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Scott Adams, creator of the Dilbert series, in his bestselling book How to Fail at Almost Everything and Still Win Big says that the most important trait in successful people is:

Lack of fear of embarrassment.”

Let that sink in for a second.

What would you do if you just did not care about being embarrassed?

Would you start a YouTube channel? Raise your hand more in groups? Launch that Side Hustle as a business coach or a marketing consultant? Blog your heart out? Ask for a raise? Wear that trend that only people 10 years younger (or 10 lbs lighter than you), rock?

What could you be, do, or have?

Successful people remove the fear of embarrassment – so anything, anything, becomes possible.

But fear of embarrassment ourselves manifests itself in a million ways, doesn’t it? It shows up as excuses. Or procrastination. It shows up as practicality: “Oh, I’d love to be a musician, but I can’t make money that way.” It shows up as confusion or ignorance: “I have no idea what my purpose is.”

Fear of embarrassment stops us from getting to where we want to be.

Here is the skinny on fear:

According to Dan Baker, Ph.D., and Cameron Stauth, author of What Happy People Know, unless your fear is the protective force that stops you from doing something dangerous (like hitching a ride with a total stranger, for example) all fears belong to two groups. Yes, just two groups! All fears can be attributed to a belief in the following:

1. I am not enough.

2. I do not have enough.

As humans we have not evolved. Back in the day of the caveman, these fears were real. The result of them being actualised was certain death. If you were not fit, healthy, and strong, the tribe would leave you behind in order to survive. And if you did not have enough—meaning if you did not collect food every day and have the materials to give you shelter and warmth—you would perish.

And today?

Being enough in today’s world means being educated, connected, charming, smart, good-looking, thin, interesting…the list is endless—especially when you are busy comparing yourself to your peers.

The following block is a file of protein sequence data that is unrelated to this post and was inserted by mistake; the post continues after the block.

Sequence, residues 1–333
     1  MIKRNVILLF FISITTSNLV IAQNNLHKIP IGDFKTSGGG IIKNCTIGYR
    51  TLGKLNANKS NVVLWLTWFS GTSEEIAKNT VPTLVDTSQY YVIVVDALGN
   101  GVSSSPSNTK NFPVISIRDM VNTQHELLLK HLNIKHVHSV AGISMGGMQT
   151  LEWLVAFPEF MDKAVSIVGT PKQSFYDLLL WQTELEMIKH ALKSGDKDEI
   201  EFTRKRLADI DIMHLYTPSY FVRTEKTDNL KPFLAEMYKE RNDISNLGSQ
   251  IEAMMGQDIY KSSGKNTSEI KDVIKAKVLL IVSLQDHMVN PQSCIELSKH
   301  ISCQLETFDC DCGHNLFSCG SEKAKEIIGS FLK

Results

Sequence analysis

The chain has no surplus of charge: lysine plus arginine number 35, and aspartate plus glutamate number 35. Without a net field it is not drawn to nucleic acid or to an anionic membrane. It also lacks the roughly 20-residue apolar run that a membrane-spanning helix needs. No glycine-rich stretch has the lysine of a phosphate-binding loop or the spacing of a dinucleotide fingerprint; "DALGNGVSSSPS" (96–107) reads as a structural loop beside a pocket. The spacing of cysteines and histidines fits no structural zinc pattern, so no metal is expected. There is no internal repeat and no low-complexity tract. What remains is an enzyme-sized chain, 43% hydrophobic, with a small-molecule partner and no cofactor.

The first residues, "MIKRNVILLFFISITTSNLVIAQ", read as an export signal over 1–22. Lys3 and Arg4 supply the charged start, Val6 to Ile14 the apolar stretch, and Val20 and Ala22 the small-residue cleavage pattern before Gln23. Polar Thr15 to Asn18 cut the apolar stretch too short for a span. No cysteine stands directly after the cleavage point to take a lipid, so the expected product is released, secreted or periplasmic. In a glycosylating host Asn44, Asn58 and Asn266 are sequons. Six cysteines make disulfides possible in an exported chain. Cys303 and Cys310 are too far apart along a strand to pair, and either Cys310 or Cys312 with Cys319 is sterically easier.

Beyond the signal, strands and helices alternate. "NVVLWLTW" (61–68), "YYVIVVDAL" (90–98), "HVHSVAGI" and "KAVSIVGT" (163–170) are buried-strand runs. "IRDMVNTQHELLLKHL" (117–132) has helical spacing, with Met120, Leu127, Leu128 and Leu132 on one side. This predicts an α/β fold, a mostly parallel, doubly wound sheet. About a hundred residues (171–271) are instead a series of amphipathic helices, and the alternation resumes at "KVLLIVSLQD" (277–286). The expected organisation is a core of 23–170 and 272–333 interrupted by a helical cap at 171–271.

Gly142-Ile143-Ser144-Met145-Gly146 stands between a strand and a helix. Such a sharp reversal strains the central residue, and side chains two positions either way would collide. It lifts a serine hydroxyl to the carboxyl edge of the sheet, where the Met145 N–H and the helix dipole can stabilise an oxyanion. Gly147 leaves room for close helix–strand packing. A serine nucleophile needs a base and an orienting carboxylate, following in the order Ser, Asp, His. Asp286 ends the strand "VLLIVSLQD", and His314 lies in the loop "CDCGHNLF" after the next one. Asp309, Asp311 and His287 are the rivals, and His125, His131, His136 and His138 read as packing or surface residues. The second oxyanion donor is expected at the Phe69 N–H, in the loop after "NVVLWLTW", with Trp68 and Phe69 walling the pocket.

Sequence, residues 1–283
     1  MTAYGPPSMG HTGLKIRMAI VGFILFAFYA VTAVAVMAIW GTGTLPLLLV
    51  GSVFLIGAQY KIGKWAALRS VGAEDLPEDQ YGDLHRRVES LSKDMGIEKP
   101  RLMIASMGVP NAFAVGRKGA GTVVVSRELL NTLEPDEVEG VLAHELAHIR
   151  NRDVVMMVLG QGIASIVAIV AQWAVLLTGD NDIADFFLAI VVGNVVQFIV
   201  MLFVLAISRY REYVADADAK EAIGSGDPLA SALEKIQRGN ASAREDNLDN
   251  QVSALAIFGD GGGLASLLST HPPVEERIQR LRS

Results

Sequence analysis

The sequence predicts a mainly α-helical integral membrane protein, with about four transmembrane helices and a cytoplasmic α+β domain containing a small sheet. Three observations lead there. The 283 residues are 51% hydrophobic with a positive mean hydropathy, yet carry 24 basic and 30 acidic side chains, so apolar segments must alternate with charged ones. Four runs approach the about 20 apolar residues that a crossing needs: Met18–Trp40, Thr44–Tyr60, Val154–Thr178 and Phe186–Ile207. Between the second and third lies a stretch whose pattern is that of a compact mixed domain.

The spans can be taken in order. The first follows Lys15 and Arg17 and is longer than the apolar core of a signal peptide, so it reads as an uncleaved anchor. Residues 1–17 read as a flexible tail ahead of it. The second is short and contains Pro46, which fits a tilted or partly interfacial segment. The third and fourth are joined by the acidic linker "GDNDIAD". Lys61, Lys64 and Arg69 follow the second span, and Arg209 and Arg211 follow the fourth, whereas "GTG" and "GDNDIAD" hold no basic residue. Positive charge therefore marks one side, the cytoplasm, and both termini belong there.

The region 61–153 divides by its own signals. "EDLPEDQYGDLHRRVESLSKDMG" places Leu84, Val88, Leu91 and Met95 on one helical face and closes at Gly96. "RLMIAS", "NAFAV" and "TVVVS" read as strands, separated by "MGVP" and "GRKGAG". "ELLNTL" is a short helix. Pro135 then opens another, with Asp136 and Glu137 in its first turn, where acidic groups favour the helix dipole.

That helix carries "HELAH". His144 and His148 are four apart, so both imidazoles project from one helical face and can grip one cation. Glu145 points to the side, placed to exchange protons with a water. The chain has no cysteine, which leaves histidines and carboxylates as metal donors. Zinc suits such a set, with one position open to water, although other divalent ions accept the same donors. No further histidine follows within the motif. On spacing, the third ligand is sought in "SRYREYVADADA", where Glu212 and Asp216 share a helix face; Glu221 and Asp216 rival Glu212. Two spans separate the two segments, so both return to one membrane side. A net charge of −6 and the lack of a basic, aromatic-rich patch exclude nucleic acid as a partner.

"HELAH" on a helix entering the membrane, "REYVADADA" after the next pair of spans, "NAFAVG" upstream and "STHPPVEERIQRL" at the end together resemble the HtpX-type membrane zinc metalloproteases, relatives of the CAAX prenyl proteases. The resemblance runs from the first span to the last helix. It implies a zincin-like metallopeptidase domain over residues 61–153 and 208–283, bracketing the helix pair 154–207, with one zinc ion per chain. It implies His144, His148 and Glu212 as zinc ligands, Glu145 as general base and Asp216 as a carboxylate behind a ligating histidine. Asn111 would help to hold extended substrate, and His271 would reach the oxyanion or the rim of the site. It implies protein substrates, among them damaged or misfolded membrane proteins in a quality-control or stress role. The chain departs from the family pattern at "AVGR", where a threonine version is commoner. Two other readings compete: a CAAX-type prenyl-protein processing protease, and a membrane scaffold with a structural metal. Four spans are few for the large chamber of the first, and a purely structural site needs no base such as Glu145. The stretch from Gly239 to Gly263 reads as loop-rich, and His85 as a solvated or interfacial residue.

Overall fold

Having enough means possessing the luxuries that we enjoy but that can also trap us—large home, fancy car, great closet, keeping up with our friends and dropping cash we don’t have on stuff we don’t need.

The circumstances are very different, but the two innate “reptilian brain” fears remain. Observe any fear that is strong or subtle in your life and you will be able to attribute it to one of these two fear groups.

“I can’t tell that person I like them; he or she won’t possibly be attracted to me!”

“I can’t ask for more money at work, it’s not like I’m perfect at my job.”

“Who am I to start a business?”

“I can’t start a blog—no one wants to hear what I have to say.”

“I don’t want to go to that party. I’m not good with new people.”

Sound familiar?

These are all examples of the fear I am not enough.

What about these:

“Money is hard to come by.”

“John comes from a better family than I do…I’m kinda embarrassed to introduce him to my parents.”

“Better to stick to the career I know than take a risk doing what I really would love to do and go broke.”

“Tom makes a lot more money than I do and always has nice things. I feel like he’s better than me.”

“I won’t buy those boots/that laptop/a gym membership—I worry about money.”

They are all examples of the fear I do not have enough.

Not all of these examples will come down to fear for everyone.

Perhaps you are more of an introvert than a party goer.

Maybe you would rather save for a vacation or a down payment on an apartment than go shopping for clothes.

But only YOU know the true motivation behind statements you make or think. If your soul is stirred with a reason for not doing something that feels right and fair, great. If not—if your decisions leave you feeling insecure, small, and unsatisfied—fear has got you wrapped around its little finger, my friend.

Often, at the highest level, we avoid this introspection. We just want to fit in. We want other people to like and respect us. Our self-esteem is built on what other people like and respect—and that is not necessarily what we really want. But we are afraid to be different.

Once we start to identify these two beliefs that our fears are based on, they start to lose their paralyzing power over us. We can use our energy to work out what we really want and move forward to start the life that is waiting for us without fear dragging us backward!

It’s almost February already. Where do you want to be in 2017? What dream are you waiting to actualise? Maybe there is an idea, a thought, a small business inside of you, just waiting to bloom. It’s patiently waiting for you! Could it be time to discover it?

Fear is a juicy and important topic I talk openly about in my book. Haven’t checked it out, yet? Grab your copy here!



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